If you’re like me, then chances are your experience with Netflix’s new film “Bird Box” was born out of our culture’s incessant need to turn everything into a meme. No matter the social media platform I found myself browsing, every third post was dedicated to a picture of Sandra Bullock’s character Malorie Hayes, wearing a blindfold and the caption reading something like, “Sexy singles in your area if you look!”
On top of that, there was also the near-universal word-of-mouth that quickly spread from simply being an enlightening recommendation for film indulgence to just being annoying. The amount of hype this film had almost deterred me from even watching it. When I did get around to it, the latter forced me to go into the film expecting to be disappointed.
The thing is, I wasn’t. “Bird Box” is a better version of M. Night Shyamalan’s 2007 thriller “The Happening.” In both films, an unseen force manipulates people into harming themselves and others, culminating in their untimely deaths. Unlike Shyamalan’s film, however, the denizens of “Bird Box” cannot see that which is devastating them, lest they become victims to its wrath. To combat this, they maneuver their world blind-folded, never entirely sure they will reach their destination.
The film finds its powers within its relentless tone; a foreboding sense of annihilation that is always just outside the door. The characters react accordingly to this threat, which allows for some genuine moments of sincerity from a diverse cast of unlikely allies.
With doom lurking around every corner, I couldn’t help but find myself empathizing with these characters’ isolation. If a film can make me feel depressed and nihilistic about the prospects of my continued well-being, then I know it must be doing something right.
It should go without saying that Sandra Bullock as the film’s main protagonist is a joy to watch, and this is arguably always the case with her, even in projects where the material is less than satisfactory. Bullock conveys just enough cynicism about her situation to come across as a realistic victim to her circumstances, and not an overly pessimistic figure who is unbearable to root for.
As a film reviewer, I’m aware of the negative connotations attached to my title, which seem to stipulate people like myself have to hate what everybody else enjoys. I will admit this is sometimes the case, only because I think audiences are quick to get swept away by visually-pleasing eye-candy and forget to look for areas of substance. “Bird Box,” though, even with its popularity preceding it, feels like a bridge for communities of media consumers that puts them all on proportional pedestals, making them equally susceptible to the film’s entertainment.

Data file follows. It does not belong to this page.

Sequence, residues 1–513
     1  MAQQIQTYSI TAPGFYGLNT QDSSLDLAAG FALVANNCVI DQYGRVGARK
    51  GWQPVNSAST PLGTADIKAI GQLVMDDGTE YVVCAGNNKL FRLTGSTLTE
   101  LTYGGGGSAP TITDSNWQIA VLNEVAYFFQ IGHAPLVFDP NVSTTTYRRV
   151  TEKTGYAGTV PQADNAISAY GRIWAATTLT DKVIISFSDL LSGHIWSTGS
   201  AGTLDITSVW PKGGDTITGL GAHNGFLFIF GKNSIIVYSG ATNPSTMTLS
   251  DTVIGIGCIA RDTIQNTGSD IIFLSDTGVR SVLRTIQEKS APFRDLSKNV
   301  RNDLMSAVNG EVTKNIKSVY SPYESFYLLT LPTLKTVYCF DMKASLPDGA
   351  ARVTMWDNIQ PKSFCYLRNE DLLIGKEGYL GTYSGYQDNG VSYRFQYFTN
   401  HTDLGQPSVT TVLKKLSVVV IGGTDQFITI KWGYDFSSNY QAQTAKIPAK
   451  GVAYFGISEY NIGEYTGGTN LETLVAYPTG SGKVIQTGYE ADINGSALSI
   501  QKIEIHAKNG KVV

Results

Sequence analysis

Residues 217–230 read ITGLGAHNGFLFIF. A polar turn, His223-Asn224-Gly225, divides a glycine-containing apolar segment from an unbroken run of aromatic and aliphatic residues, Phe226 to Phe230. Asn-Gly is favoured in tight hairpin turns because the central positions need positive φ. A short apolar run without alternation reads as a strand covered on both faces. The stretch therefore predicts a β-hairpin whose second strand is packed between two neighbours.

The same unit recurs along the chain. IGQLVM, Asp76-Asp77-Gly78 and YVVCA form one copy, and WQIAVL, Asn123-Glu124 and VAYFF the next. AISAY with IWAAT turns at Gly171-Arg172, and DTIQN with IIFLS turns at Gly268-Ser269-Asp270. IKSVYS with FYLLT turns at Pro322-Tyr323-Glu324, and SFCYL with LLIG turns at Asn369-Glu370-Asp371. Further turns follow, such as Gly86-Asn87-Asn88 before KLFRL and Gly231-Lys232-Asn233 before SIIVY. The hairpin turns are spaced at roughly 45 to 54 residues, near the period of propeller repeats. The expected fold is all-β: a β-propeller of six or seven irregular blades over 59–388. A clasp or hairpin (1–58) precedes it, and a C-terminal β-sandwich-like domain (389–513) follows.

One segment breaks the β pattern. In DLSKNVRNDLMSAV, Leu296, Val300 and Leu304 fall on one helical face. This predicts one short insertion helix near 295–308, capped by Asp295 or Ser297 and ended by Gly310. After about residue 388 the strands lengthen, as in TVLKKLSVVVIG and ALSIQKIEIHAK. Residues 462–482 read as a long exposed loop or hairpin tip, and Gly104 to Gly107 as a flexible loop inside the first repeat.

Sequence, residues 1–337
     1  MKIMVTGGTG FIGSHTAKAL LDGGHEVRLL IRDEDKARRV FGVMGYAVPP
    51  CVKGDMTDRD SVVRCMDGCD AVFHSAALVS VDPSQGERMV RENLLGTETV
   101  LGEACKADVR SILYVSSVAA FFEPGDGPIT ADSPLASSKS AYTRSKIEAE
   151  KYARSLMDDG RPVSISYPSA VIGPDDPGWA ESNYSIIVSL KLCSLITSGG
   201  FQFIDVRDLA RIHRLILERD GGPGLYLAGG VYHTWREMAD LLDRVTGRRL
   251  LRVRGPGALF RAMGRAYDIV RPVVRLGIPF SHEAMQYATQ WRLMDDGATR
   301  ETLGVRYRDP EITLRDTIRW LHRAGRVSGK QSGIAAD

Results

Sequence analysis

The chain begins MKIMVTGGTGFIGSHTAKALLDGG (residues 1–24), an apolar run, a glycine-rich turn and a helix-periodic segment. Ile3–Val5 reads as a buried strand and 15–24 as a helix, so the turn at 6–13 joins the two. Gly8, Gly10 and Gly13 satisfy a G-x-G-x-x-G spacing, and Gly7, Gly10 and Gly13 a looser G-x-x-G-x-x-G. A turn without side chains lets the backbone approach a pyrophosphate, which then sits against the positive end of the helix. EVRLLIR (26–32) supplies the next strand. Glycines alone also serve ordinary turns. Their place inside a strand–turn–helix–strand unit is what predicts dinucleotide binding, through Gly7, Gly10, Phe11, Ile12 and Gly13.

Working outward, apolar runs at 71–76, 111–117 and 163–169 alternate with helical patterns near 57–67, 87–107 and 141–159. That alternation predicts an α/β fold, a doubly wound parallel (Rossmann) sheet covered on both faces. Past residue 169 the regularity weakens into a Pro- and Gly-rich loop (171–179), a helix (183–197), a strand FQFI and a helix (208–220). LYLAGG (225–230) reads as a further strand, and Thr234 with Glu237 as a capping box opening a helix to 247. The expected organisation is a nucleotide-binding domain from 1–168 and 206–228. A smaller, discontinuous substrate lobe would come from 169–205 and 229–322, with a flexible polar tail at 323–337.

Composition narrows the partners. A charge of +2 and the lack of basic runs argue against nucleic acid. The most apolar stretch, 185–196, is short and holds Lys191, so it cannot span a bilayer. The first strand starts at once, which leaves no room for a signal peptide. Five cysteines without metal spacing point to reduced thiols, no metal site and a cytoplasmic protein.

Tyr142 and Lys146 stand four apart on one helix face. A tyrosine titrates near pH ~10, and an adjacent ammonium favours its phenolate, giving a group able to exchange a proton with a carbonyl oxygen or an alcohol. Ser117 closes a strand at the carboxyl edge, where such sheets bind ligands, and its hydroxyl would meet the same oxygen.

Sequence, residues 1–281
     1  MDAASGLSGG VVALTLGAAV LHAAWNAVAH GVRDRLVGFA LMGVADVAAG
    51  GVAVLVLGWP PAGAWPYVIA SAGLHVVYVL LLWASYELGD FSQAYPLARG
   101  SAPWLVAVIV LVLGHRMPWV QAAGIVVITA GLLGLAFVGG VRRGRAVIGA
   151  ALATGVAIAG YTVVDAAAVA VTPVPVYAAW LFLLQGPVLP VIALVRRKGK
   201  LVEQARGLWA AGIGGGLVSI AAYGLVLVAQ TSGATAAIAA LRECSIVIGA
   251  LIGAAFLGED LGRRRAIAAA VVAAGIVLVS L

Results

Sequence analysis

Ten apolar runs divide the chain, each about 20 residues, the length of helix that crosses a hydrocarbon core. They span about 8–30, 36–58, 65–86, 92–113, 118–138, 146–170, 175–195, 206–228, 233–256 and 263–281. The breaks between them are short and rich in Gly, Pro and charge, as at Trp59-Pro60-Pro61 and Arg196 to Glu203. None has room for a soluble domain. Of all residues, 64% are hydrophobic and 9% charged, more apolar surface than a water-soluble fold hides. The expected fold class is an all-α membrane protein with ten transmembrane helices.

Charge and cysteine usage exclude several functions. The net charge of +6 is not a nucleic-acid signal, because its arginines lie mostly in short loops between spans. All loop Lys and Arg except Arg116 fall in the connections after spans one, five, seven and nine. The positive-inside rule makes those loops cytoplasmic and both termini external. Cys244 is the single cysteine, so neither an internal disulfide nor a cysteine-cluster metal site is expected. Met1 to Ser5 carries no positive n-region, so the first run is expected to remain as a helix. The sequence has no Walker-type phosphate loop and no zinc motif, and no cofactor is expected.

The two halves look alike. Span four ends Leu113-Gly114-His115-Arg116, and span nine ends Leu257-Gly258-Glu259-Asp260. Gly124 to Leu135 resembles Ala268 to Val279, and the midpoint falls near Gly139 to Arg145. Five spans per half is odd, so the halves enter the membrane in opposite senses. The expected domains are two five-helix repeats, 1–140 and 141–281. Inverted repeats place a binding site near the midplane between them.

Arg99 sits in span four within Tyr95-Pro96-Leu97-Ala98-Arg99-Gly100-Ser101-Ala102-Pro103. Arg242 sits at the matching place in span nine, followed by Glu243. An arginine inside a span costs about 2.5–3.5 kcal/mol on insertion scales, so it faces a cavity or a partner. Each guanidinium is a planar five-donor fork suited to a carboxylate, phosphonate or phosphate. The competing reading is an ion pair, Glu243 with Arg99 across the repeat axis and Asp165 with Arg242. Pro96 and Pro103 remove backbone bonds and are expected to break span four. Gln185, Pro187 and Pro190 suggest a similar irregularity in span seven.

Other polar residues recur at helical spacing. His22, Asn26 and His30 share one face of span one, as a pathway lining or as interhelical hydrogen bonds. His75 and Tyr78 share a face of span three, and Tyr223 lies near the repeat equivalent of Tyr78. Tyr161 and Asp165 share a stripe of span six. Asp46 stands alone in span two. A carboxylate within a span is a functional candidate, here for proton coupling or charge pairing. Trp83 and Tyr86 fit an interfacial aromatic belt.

I was expecting “Bird Box” to be a rip-off of 2018’s “A Quiet Place”, blatantly cashing in on that film’s success and intrigue. After discovering this film is actually based on a 2014 novel of the same name—with its origins predating films like “The Happening”—I found my main crutch of argument being pulled from me.
With my prejudice effectively destroyed, I actually think “Bird Box” is a much better tale of overcoming adversity than “A Quiet Place.” I say this partially because I can’t get over the unbelievable cheesiness of that film’s ending that has tainted my overall feelings for it.
My only gripe with “Bird Box” is its two-hour runtime. Normally, I expect a length like this in thrillers, but there were times where I would check my phone to see how long I had been sitting there. Upon reflection, the film’s slow-build and gradual stressing of the string can become tedious, instead of foreboding. With that said, I can’t put my finger on what could be cut or shortened to make the film more economical. Perhaps I’m just impatient.
“Bird Box” is a satisfying film that, like with “A Quiet Place,” puts emphasis on the strengths of those who are impaired; in this case, it’s those with visual deficiencies. This imparts an uplifting message that a perceived weakness can actually be a privilege in disguise. In a world where more is always the goal, it doesn’t hurt to meditate on the prospect that less can truly be divine. 4.5/5